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man:getline

GETLINE(3) Linux Programmer's Manual GETLINE(3)

NAME

     getline, getdelim - delimited string input

SYNOPSIS

     #include <stdio.h>
     ssize_t getline(char **lineptr, size_t *n, FILE *stream);
     ssize_t getdelim(char **lineptr, size_t *n, int delim, FILE *stream);
 Feature Test Macro Requirements for glibc (see feature_test_macros(7)):
     getline(), getdelim():
         Since glibc 2.10:
             _POSIX_C_SOURCE >= 200809L
         Before glibc 2.10:
             _GNU_SOURCE

DESCRIPTION

     getline()  reads an entire line from stream, storing the address of the
     buffer containing the text into *lineptr.  The  buffer  is  null-termi-
     nated and includes the newline character, if one was found.
     If  *lineptr  is set to NULL and *n is set 0 before the call, then get-
     line() will allocate a buffer for storing the line.  This buffer should
     be freed by the user program even if getline() failed.
     Alternatively, before calling getline(), *lineptr can contain a pointer
     to a malloc(3)-allocated buffer *n bytes in size.  If the buffer is not
     large  enough  to  hold the line, getline() resizes it with realloc(3),
     updating *lineptr and *n as necessary.
     In either case, on a successful call, *lineptr and *n will  be  updated
     to reflect the buffer address and allocated size respectively.
     getdelim()  works  like  getline(),  except that a line delimiter other
     than newline can be specified as the delimiter argument.  As with  get-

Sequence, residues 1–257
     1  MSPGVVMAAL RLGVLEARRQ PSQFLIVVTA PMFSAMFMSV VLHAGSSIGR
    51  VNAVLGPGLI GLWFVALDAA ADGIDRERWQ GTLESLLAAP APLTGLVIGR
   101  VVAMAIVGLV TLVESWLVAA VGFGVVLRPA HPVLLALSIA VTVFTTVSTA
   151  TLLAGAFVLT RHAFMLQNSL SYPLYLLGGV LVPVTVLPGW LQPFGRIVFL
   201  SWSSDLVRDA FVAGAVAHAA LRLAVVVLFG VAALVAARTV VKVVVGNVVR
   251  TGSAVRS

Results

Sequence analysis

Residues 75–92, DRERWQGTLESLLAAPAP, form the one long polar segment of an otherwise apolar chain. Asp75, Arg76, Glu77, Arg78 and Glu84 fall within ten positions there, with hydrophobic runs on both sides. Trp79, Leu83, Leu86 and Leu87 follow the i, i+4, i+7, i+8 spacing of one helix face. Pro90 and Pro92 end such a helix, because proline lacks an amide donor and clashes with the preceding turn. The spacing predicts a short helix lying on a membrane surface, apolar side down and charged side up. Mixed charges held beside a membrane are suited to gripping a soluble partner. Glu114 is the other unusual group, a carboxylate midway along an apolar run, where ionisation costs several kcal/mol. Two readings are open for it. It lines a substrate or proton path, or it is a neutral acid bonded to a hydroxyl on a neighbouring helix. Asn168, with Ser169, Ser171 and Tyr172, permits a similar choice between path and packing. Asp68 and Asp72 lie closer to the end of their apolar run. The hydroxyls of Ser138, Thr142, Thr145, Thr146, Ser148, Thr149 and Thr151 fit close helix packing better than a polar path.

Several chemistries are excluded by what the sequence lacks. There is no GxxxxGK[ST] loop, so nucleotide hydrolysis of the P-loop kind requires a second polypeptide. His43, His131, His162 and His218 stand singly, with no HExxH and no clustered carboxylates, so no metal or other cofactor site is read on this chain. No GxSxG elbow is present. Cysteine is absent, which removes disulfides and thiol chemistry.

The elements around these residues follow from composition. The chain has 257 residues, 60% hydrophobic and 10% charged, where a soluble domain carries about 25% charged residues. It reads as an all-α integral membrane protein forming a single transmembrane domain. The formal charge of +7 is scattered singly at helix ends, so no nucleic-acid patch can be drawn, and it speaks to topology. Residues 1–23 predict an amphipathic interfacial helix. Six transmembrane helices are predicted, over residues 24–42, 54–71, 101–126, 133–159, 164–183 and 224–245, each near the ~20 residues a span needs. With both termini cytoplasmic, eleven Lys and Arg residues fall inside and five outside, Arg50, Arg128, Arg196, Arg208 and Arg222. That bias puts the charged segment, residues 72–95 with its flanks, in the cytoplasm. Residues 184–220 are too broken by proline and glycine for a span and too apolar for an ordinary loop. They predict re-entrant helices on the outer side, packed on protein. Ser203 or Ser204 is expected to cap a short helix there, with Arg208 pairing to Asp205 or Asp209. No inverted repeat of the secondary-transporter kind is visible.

line(),  a  delimiter  character is not added if one was not present in
     the input before end of file was reached.

RETURN VALUE

     On success, getline() and getdelim() return the  number  of  characters
     read,  including  the delimiter character, but not including the termi-
     nating null byte ('\0').  This value can be  used  to  handle  embedded
     null bytes in the line read.
     Both  functions  return -1 on failure to read a line (including end-of-
     file condition).  In the event of an error, errno is  set  to  indicate
     the cause.

ERRORS

     EINVAL Bad arguments (n or lineptr is NULL, or stream is not valid).
     ENOMEM Allocation or reallocation of the line buffer failed.

ATTRIBUTES

     For   an   explanation   of   the  terms  used  in  this  section,  see
     attributes(7).
     +----------------------+---------------+---------+
     |Interface             | Attribute     | Value   |
     +----------------------+---------------+---------+
     |getline(), getdelim() | Thread safety | MT-Safe |
     +----------------------+---------------+---------+

CONFORMING TO

     Both  getline()  and  getdelim()  were originally GNU extensions.  They
     were standardized in POSIX.1-2008.

EXAMPLE

     #define _GNU_SOURCE #include <stdio.h> #include <stdlib.h>
     int main(int argc, char *argv[]) {
         FILE *stream;
         char *line = NULL;
         size_t len = 0;
         ssize_t nread;
         if (argc != 2) {
             fprintf(stderr, "Usage: %s <file>\n", argv[0]);
             exit(EXIT_FAILURE);
         }
         stream = fopen(argv[1], "r");
         if (stream == NULL) {
             perror("fopen");
             exit(EXIT_FAILURE);
         }
         while ((nread = getline(&line, &len, stream)) != -1) {
             printf("Retrieved line of length %zu:\n", nread);
             fwrite(line, nread, 1, stdout);
         }
         free(line);
         fclose(stream);
         exit(EXIT_SUCCESS); }

SEE ALSO

     read(2), fgets(3), fopen(3), fread(3), scanf(3)

COLOPHON

     This page is part of release 4.16 of the Linux  man-pages  project.   A
     description  of  the project, information about reporting bugs, and the
     latest    version    of    this    page,    can     be     found     at
     https://www.kernel.org/doc/man-pages/.

GNU 2017-09-15 GETLINE(3)

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